15. Zak George’s Dog Training Revolution
This is the landing page for Zak George’s Dog Training Revolution book. It’s a bestseller and just one of its products. You get the logos of places where you can buy the book and a headline that promotes curiosity. The cute cover doesn’t hurt, either.
Here, we have a landing page design example that shouldn’t work. It’s not like the ones we’ve seen before, yet it belongs to one of the world’s most successful companies.
The use of video here elevates Costco’s membership landing page. Video adds significant visual interest to a landing page while also providing auditory input.
Here’s another landing page design example that embraces simplicity. In place of a hero image, we have a plain white background. The two CTAs reflect one another, and the headline tells you exactly why Asana exists.
HostGator’s shared web hosting landing page is gorgeously designed with lots of hand-drawn elements. It emphasizes the Business Plan, which is the most expensive option, and its given cute names to the other plans. The colors, CTAs, and discount highlights all work well here.
19. The Vegan Society
The donation page for The Vegan Society uses bold, complimentary colors and persuasive language to draw in the reader. The nonprofit offers multiple options for donating, which can increase conversions.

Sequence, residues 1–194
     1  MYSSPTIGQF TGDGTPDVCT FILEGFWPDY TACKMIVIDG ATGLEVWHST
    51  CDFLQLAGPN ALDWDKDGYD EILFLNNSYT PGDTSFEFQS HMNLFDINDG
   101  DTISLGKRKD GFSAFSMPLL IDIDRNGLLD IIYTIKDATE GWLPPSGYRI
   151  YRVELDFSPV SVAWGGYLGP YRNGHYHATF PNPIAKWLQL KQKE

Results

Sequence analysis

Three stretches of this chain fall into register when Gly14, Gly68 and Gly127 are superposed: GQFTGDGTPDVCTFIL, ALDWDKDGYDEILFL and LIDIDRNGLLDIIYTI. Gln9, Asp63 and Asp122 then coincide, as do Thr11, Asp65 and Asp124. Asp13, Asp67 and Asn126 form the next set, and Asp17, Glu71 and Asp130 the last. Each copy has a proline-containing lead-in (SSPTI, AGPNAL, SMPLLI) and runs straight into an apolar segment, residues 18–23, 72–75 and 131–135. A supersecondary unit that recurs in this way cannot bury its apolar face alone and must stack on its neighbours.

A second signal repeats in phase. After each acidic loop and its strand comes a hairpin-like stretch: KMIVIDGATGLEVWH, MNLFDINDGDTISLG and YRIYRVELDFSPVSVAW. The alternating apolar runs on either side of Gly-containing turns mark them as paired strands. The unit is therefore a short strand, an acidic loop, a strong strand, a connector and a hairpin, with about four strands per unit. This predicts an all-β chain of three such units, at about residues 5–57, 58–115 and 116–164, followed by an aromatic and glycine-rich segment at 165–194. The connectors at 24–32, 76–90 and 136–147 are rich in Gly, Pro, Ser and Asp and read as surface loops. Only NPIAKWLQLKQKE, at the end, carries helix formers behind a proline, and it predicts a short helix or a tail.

Dropbox is known for creating awesome landing pages. Today, I wanted to highlight their relatively new Dropbox for Android landing page. It simply and persuasively highlights the app and gives you a chance to try it out.
21. Dragon Naturally Speaking
Nuance, the creator of Dragon Naturally Speaking, offers an excellent landing page design example on its Dragon for PC page. It incorporates a pleasing hero image, a straightforward headline, and a list of USPs in the body content.
Investopedia offers a type of paper trading game that investors can use to get their feet wet. The signup landing page works extremely well, especially with the Free to Play ribbon in the top right-hand corner. The form is short, and the colors work beautifully together.
The “what’s new” landing page for Fitbit is unique and stylish, with several categories from which to choose and a sleek combination of text and illustrations.
Landing Page Design Best Practices